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The Next Issue Revew Crew: 5/7/2014

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Rat Queens #6

Writer: Kurtis J. Wiebe
Artist: Roc Upchurch
Reviewer: Aitch Cee

If you have not followed this book from issue 1, then you are missing on yet another sleeper hit coming out of Image comics. Kurt and Roc has made this book a great recommendation for anyone into RPGs and fun. From the outset, you would think a lot of women would be outraged at the portrayal of the characters in this book but, the biggest supporters of this book are the women!

Starting with this issue, things are not so stabby stabby, as Kurtis sets up a brand new storyline we find out a little more about who is sleeping with whom and Dee’s past catches up to her in the very last pages of the book. I really enjoyed that Kurtis knows how to develop the chemistry between the girls as shown when Hannah and Betty have a talk about Hannah necromancy abilities exhibited in the last issue. We also find out what Bernadine was up to and things aren’t always what they seem to be when looking it in the eyes.

Roc’s art, as always, kills in this book and it’s no different here. I really can’t say any more than to say that Kurtis and Roc complement each other well in the telling of this story and that is why I like this as much as I like Chew because you see the synergy between writer and artist.
So again, if you haven’t already, get the trade and then grab six. You won’t be disappointed.
5 out of 5 stars

Cyclops #1

cyclops 1
Writer: Greg Rucka
Artist: Russell Dauterman
Reviewer: Oz Longworth Jr. or Oh Captain My Captain
Okay, although he’s a somewhat high profile character in the X-Universe lately, I get that nobody really asked for a Cyclops solo title. I mean, after all, there are already two ongoing X-titles that are at least partially about Scott Summers as it is (Fun Fact: Wolverine is two more titles away from winning a free Subway sandwich himself). Still, when you have top notch talent working on the book like Greg Rucka, who has been hitting it out of the park lately with Lazarus, it definitely deserves some consideration.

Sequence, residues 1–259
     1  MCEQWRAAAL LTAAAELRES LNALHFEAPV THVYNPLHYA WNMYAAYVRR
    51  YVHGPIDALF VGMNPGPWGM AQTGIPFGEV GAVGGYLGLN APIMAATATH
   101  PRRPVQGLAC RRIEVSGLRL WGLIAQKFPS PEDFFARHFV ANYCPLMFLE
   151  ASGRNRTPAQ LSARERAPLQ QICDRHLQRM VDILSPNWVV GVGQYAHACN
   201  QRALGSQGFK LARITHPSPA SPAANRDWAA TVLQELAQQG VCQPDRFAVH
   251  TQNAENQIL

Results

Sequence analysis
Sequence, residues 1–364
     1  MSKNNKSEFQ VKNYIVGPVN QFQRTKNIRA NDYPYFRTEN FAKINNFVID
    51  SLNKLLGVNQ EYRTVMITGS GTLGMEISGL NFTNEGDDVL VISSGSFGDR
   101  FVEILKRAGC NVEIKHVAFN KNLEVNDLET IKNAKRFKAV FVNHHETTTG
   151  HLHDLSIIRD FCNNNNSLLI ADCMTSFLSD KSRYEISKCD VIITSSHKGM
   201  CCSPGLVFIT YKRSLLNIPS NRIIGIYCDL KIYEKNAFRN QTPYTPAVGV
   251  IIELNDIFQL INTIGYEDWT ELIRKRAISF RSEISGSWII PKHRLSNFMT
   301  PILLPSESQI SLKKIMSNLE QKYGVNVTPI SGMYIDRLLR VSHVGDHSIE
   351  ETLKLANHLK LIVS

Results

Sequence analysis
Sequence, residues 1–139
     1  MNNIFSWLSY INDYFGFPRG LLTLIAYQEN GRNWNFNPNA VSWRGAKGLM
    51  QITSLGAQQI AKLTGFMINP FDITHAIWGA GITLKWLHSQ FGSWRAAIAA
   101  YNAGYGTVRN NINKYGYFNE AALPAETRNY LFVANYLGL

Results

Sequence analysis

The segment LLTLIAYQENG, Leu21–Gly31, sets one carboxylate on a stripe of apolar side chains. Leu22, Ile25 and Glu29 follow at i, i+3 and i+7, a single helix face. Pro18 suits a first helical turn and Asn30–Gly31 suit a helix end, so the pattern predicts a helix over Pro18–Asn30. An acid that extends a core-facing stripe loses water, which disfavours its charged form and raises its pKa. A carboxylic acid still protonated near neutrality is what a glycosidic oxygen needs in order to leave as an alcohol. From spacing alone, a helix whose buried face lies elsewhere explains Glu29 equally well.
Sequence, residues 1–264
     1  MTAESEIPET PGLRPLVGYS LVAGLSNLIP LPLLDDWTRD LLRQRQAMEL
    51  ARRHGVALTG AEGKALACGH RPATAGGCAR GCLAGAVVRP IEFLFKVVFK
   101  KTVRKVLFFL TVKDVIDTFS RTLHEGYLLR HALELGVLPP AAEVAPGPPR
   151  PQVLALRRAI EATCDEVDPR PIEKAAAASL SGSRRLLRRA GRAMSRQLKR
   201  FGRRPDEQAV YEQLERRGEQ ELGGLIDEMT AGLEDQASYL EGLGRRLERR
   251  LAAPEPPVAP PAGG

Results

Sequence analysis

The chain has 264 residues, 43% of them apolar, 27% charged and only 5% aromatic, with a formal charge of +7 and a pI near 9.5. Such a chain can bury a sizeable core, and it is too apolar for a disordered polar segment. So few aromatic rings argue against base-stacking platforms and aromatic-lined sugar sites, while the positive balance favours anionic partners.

During the “Trial of Jean Grey” crossover in All New X-Men and Guardians of the Galaxy, Young Cyclops found out that his father, thought dead in a plane crash, is not only alive but a swashbuckling space pirate. The book picks up where our hero does what any teenage boy would do after finding out their dad is a charming space rogue: He leaves home to go with him. Most of the issue is dedicated to Scott adjusting to life among the stars but also wrestling with whether or not he made the right decision to leave. This sets up what looks to be an interesting study of the character because, for him, it isn’t just a son making up for lost time with his father. He’s seen the man he becomes and that man is a first class dick. This is the story of a kid who, on many levels, is his own second chance at not ruining his life. Rucka really gets Cyclops and his father in particular. Corsair is genuinely guilt ridden with the knowledge of not being there for his son and is unsure of whether or not he has the necessary tools to be a proper father. At the same time, he’s never mopey or angsty. Even at his most uncertain moments, he’s a charming Nathan Fillion-ish type. Cyclops is the earnest, clean cut, all-American boy next door old school fans remember, but still as self conscious and wide-eyed as a kid should be. Art-wise, Russell Dauterman makes space look GOOD. He really plays with colors and textures so that even when characters are just floating around in the void for certain panels, your eyes never really get bored. Character designs are all as fun as you’d expect from a story about a crew made most of aliens and a pet…umm….something.

Bottom Line: A fantastic start to a story with so much potential. Fans who have missed the pre-Avengers vs. X-Men Cyclops should run…not walk…to pick this up

. 4 out of 5.

About Armand (1275 Articles)
Armand is a husband, father, and life long comics fan. A devoted fan of Batman and the Valiant Universe he loves writing for PCU, when he's not running his mouth on the PCU podcast. You can follow him on Twitter @armandmhill
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